It's a big idea, St. Petersburg's Et Cultura festival. You can't take it all in at once. You probably wouldn't want to.
Yet in just two years Et Cultura has positioned itself as a cultural movement to be reckoned with in a city that loves and embraces such things. Organized by a coalition of young creatives, it aspires to be the Sunshine City's answer to South By Southwest, sprinkling music, films, art, technology and futurist and community-centric panels across several pristine, historic and bustling venues. If a thing like this was ever going to happen in Tampa Bay, St. Petersburg, 2017, felt like the right place and time.
But reviewing a festival that aspires to be so many things to so many types of attendees isn't easy. It's not just that you can't attend every event — that's par for the course at every festival, big and small — it's that you probably don't want to. You could attend just for the speakers, or just for the films, or just for the music — and in each case, there would be other festivalgoers whose paths you'd never cross. It's really more like three separate festivals in one.
For five days, I focused mostly on Et Cultura's music, but hit at least a little bit of everything — art, films, speakers, technology and more. Almost all of the music was exceptional, including rare and vibrant Florida sets by Slowdive, Son Volt and Waxahatchee. I was moved by short films and intrigued by speakers; I shopped at a pop-up market and drank a Green Bench Et Cultura Mexican lager; I watched a vacant building flutter to colorful life through the art of projection mapping. I watched stunt bikers soar into the air, and left impressed by how many public officials bought in and dropped by. On an event-by-event level, Et Cultura brought a lot to admire, even if, by anyone's count, the whole thing was wildly under-attended.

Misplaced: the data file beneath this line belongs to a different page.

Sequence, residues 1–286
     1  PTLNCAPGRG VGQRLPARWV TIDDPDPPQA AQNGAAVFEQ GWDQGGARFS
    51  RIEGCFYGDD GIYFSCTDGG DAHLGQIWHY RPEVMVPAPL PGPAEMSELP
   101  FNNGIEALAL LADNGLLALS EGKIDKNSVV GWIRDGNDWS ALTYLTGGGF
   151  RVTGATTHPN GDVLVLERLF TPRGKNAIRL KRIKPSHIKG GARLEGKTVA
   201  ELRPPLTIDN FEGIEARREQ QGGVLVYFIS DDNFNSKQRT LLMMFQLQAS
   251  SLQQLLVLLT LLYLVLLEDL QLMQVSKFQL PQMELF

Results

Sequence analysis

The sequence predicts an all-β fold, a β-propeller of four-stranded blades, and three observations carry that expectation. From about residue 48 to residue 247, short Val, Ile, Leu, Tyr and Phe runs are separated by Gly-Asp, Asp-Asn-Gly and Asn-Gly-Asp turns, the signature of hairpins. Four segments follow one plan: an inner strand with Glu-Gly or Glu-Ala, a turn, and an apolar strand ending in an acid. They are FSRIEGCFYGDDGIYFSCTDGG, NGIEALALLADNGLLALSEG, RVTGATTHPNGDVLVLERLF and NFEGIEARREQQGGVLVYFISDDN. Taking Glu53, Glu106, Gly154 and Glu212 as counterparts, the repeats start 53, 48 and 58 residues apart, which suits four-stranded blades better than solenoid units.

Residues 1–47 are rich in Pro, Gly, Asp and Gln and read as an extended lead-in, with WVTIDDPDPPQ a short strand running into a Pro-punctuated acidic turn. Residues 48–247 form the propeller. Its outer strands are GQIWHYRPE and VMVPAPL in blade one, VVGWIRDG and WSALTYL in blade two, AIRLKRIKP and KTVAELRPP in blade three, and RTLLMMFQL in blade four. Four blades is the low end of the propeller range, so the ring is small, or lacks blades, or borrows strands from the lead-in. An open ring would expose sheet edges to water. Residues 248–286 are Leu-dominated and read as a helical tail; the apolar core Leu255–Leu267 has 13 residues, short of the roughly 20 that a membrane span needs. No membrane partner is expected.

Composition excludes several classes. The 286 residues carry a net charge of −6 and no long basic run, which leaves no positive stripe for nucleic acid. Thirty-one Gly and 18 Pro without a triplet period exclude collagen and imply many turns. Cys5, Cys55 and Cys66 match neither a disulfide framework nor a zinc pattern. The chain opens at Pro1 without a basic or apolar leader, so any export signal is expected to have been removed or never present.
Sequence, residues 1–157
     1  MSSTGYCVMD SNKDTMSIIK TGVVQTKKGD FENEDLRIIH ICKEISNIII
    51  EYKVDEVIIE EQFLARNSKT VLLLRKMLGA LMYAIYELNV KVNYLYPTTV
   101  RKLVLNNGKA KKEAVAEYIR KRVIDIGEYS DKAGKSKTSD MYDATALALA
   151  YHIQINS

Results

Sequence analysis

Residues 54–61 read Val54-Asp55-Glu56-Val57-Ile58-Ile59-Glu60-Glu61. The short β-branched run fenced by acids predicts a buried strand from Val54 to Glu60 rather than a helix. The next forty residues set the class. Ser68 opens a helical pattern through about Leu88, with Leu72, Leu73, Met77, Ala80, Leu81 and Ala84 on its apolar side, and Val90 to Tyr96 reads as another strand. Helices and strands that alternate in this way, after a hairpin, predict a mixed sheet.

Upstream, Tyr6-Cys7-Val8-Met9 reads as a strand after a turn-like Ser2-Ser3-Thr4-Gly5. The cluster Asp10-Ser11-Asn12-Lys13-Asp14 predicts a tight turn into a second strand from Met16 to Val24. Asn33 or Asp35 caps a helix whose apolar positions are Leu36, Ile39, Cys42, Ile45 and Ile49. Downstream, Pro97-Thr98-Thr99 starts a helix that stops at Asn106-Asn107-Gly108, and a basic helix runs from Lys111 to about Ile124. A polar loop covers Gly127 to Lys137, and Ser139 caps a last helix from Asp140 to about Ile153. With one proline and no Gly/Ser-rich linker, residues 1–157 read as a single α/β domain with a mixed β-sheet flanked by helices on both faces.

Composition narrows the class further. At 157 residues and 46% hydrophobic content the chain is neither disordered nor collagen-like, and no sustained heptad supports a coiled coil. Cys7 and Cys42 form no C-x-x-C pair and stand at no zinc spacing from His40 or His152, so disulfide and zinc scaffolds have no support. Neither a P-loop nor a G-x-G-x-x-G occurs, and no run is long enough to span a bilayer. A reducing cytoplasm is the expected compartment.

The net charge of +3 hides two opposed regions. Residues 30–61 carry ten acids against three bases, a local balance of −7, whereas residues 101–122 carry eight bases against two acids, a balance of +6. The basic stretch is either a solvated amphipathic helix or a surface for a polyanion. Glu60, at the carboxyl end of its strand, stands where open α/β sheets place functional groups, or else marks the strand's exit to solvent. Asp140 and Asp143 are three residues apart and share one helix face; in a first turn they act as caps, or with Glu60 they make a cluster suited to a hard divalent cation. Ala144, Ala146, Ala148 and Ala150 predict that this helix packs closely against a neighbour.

But in the wide view, the festival's vision and ambition exceeded what it could actually deliver. Despite its swift growth, Et Cultura was never going to become South By Southwest by Year 2. Going into Year 3, it faces real questions about the evolution it must take from here.
For starters, raise your hand if you could actually articulate what Et Cultura was — or even how to pronounce it. (For the record: Et cul-TOOR-ah.) More importantly, raise your hand if you knew off the top of your head what it wasn't. See, downtown was awash all weekend in major events that had nothing to do with Et Cultura — the CraftArt Festival, Shopapalooza, a half-marathon and 5K, a cheese and beer festival, the list goes on. On Saturday, especially, it did feel like the entire 'Burg was one big festival, even if that festival wasn't actually Et Cultura. Maybe this was canny planning ("Thousands of people will be downtown; let's build a festival around them"), or perhaps it was part of some greater point about the unity of the city's creative class ("See how much stuff St. Pete has, and how well we all work together?"). But given the light turnout at the concerts, it may also have just been a mistake.
Even if you studied the entire schedule daily and carefully — as I did — finding your way could be tricky. Up until the festival, Et Cultura's various event pages were confusing to navigate; there was no one-stop detailed list of every event in one place. On the ground, none of the card-stock panel flyers listed the speakers at each session; instead there was a list of all (some? most? it wasn't specified) of the topic's weekly speakers at the bottom. (This info was available online, if you knew where to look, but volunteers working the front table at home base the Station House didn't have it at the ready.) In at least one case, the panelists on stage didn't match the ones listed.